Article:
As Tim said, can you change the geometry to be more efficient?

If the ultimate goal is to heat the fluid flowing through hollow workpiece, what makes inductive heating better than resistive heating by current in the alloy steel tube itself, or a heating element around it?  Heat flux density at the fluid interface is enormous; is this for a rocket engine or something?

Offline johnf

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Maybe another approach
ie use microwaves to heat your fluid directly
it would be many many percent more efficient

if your fluid is not microwave absorbing maybe a SiC tube to be heated to heat the fluid

this seems to be taking a knife to a gun fight!!

Offline JimOB

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Thank you for your questions and insights.
The ideas and advice are greatly appreciated.
I've attached a pic of the workpiece in the coil.
The project is in its infancy now and the ZVS circuit will likely be replaced with a bridge or half-bridge soon.
We are in need of experiential knowledge, as you can surely surmise, and my small group has a limited budget at this time.
To answer a few questions, the 2 turn coil is closely coupled to the workpiece and we are getting our best results yet from this configuration. We have used multi-turn coils and larger workpieces at lower frequencies as well, but the combination in the attached photo has given us the best results to date.
We can't use electric resistance heating for this project because isolation between the working fluid and the heat source is critical.
Microwave heating is efficient but not as quick as IH for our purposes.

Many, many thanks!
Jim

Offline JimOB

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See attached pic

Offline petespaco

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Quote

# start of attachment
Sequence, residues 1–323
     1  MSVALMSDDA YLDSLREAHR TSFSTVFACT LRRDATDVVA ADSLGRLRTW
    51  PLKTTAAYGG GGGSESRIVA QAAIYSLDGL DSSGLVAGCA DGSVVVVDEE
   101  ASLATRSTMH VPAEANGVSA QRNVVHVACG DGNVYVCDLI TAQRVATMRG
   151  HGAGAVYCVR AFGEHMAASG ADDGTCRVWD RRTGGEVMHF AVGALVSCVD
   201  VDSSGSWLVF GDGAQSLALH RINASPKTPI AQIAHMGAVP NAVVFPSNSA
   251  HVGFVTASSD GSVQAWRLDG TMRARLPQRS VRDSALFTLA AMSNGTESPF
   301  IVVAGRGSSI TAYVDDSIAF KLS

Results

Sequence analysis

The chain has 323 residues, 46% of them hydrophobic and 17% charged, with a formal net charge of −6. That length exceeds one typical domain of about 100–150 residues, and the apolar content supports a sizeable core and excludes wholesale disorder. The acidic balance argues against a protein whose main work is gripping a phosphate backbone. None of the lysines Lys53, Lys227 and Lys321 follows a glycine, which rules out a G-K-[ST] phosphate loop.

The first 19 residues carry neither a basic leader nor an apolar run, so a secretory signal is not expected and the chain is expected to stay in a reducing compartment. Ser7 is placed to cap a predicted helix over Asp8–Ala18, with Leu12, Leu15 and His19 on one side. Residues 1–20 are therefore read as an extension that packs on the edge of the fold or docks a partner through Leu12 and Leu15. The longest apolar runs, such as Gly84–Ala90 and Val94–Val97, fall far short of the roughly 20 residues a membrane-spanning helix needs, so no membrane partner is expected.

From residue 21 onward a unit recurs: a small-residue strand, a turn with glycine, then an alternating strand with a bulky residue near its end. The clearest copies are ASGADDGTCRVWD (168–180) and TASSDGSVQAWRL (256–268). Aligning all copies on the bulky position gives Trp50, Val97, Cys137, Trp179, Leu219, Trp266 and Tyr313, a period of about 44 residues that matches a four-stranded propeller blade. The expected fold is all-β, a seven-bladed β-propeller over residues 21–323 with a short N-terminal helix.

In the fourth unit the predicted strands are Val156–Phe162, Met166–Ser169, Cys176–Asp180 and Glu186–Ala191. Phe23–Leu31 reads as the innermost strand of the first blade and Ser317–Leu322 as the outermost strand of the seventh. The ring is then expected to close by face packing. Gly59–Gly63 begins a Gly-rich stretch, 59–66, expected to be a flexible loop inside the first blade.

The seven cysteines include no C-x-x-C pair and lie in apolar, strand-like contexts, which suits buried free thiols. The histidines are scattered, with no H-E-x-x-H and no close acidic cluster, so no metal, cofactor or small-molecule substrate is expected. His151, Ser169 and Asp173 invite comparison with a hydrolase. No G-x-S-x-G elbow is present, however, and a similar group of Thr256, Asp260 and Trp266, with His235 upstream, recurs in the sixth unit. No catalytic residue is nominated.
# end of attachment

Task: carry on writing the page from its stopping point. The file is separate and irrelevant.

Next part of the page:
We can't use electric resistance heating for this project because isolation between the working fluid and the heat source is critical.

Jim-  Isolation can easily be accomplished with an isolation transformer.  If more "protection" is needed, use a low voltage high current output such as you might find in an old heavy duty battery charger, such as the Solar 480.  I just bought two of them (non working) for $14 each.  You won't need the rectifier diodes, which often are bad anyway.  This one even has 4 or 5 output voltage choices, using multiple AC input taps.

OT, but I just bought them for the transformers, but I just ordered a $20 set of diodes and will see if I can get one running.  Why?  I don't know; just because it's there, I guess.

Pete Stanaitis
---------------

Offline Twospoons

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Is there any reason you can't coil your pipe through an iron core? Then you can add a copper primary, and a shorting bar on the pipe. You could then probably get efficient heating just with mains frequency, given the excellent coupling provided by the iron core. Or at least you can run your inverter at a more reasonable frequency, and without the resonant tank.
 Its the same method used to heat bearings.

And since a picture is worth a thousand words ...
« Last Edit: July 19, 2020, 03:25:49 AM by Twospoons »

Offline ritaismyconscience

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Consider using resistive wire and mica for insulation. Mica is cheap, a good electrical insulator, and thermally conductive. This method is much more cheap and reliable than the induction heater approach.

Offline klugesmith

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Yeah, what is gained by requiring the heater transformer to be air-cored?
If it is air-cored, as in Jim's picture, the flux coupling is very poor because workpiece occupies such a small fraction of the work coil area.  Why not use work coil with smaller diameter & more turns, to get same inductance if you're designing for inductance?

Nice rendering by Twospoons.  I will use only words to present a variant.

Original design shows helical copper tube primary, and helical steel tube secondary with a shorting bar.
Current in the workpiece is longitudinal instead of circumferential, which makes it easier to achieve a practical impedance.
It helps that the workpiece is a corrosion-resistant alloy with high electrical resistivity; stainless steel can be 40x that of copper, and some nichrome is 100x.
One way to eliminate the shorting bar and its cooling requirement: make the secondary a single turn.  Start with a long enough straight tube and make a 360 degree bend in the middle, with just enough offset that the input and output pipes scrape past each other while being electrically connected.